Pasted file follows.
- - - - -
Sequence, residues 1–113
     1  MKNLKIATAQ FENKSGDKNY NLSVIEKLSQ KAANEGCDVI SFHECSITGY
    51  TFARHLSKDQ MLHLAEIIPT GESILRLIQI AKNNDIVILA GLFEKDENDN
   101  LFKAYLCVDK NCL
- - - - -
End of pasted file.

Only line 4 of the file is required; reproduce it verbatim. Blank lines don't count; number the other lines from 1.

   101  LFKAYLCVDK NCL